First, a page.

U.S. hotel values remained relatively stable as RevPAR increased 2.9% in 2017 and capitalization rates rose modestly. This trend reflects the market overall and should not be interpreted as indicative of an individual asset’s change in value; factors affecting specific markets and assets may result in more significant value gains or declines. The RevPAR increase was driven by a 2.1% increase in ADR, down from 3.1% in 2016, and a 0.5 point uptick in occupancy. Supply increased by 1.8%, the strongest level since 2009, but was outpaced by demand, which rose by a healthy 2.7%. This was the highest rate of demand growth since 2014, reflecting a strengthening economy. Operating expenses continued to rise, but were offset by RevPAR gains, resulting in positive NOI trends. Cap rates rose by approximately 25 bps across all sectors, but declined modestly for high barrier to entry assets. Markets facing new supply saw a somewhat higher increase in return requirements. As of second-quarter 2018, when the HVI for this year was developed, transaction activity in the U.S. has increased by 5% year-over-year, reflecting renewed interest in the lodging sector. While two months do not necessarily indicate a sustained trend, market participants with whom we spoke reported that the market is picking up after muted activity in 2016 and 2017. Despite three Federal Fund rate hikes totaling 75 bps in 2017, debt financing is still readily available at favorable interest rates, fueled by active CMBS lending and the formation of numerous debt funds with aggressive pricing.  While the Fed raised rates another 25 bps in March 2018, competition amongst lenders has resulted in reduced spreads, which has helped to stabilize interest rates.   With two more rate hikes anticipated this year, and spreads unlikely to contract further, the cost of debt is expected to increase. Offsetting this trend, the outlook for improved hotel performance should reduce equity spreads, mitigating the upward pressure on cap rates. Overall, the outlook for 2018 is for continued stability in hotel values. 

The Tax Cut and Jobs Act, passed in December 2017, has driven up the stock market and put more discretionary income into the hands of  both corporations and consumers, an economic stimulus that is buoying lodging demand across all segments. The GDP rose by 2.3% in 2017, up from 1.7% in 2016, and is projected by economists to rise by 2.5% to 3.0% in 2018, which should continue to support continued strong demand growth.  With supply projected to increase by 2.0% in 2018, occupancy is expected to increase to over 66%, a level not seen since STR started reporting hotel performance metrics in 1988.  ADR growth is expected to accelerate to 2.5% given the favorable supply/demand equation.  These forecasts presume that no trade wars with the U.S. will ensue and that no unforeseen geopolitical events will impact the health of the global economy. In summary, continued revenue and NOI growth should be adequate to offset modestly increasing capitalization rates enabling hotel values to hold steady over the foreseeable future.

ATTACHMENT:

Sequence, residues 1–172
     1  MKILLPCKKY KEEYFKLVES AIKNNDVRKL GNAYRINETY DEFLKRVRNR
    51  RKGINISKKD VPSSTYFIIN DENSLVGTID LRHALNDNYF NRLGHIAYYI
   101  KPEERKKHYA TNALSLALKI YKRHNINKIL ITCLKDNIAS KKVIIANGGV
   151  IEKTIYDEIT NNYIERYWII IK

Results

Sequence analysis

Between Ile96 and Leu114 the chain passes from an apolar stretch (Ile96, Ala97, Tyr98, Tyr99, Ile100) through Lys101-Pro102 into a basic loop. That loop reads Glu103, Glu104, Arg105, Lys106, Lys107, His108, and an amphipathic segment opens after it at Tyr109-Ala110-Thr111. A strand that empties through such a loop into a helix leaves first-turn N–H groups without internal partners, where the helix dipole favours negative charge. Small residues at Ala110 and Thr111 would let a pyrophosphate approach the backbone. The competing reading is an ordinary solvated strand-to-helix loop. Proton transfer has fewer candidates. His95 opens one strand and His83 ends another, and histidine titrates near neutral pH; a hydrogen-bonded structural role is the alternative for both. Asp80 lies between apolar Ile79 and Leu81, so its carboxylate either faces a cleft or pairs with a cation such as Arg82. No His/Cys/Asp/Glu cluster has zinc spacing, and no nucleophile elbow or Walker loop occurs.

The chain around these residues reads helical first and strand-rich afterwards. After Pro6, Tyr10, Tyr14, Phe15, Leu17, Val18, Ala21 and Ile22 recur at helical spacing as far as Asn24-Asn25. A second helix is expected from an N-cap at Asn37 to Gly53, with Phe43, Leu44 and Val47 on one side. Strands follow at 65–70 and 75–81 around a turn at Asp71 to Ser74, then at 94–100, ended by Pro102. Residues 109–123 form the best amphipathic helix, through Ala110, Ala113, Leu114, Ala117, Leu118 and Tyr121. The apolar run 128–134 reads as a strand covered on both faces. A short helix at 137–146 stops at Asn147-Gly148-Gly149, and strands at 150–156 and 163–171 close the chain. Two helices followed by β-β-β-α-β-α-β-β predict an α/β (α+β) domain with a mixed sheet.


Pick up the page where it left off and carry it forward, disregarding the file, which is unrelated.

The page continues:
* Although the HVI cannot tell you what a particular hotel is worth, it does provide excellent “big picture” data, indicating which market areas are experiencing positive trends, and thus may present good investment opportunities. The HVI for the U.S. is a measure of the strength of the lodging industry as a whole and, specifically, the hospitality investment market. The HVI for the various identified markets can provide a basis to evaluate and compare different geographic regions. For more insight on the limitations and applicability of the HVI, please read the message on the HVI home page by clicking on the graphic at the top of this page.

Change In Value For Market:

Legend
Significant Value Increase: Greater than +10%
Moderate Value Increase: Between +3% and +10%
Stable Values: Between -3% and +3%
Moderate Value Decline: Between -3% and -10%
Significant Value Decline: Less than -10%

United States RevPAR Change

United States RevPAR

Year RevPAR
2007 65.54
2008 64.24
2009 53.55
2010 56.44
2011 61.02
2012 65.06
2013 68.53
2014 74.20
2015 78.63
2016 81.18
2017 83.55
2018 (f) 86.06
2019 (f) 88.04
2020 (f) 90.02

For more information, please contact:

Stephen Rushmore, Jr., MAI, FRICS
[email protected]
  • +1 617 868-6840 (m)
Suzanne Mellen, MAI, CRE, FRICS, ISHC
[email protected]
  • +1 415 268-0351 (w)
  • +1 415 896-0868 (w)
Anne Lloyd-Jones, CRE
[email protected]
  • +1 516 248-8828 (w)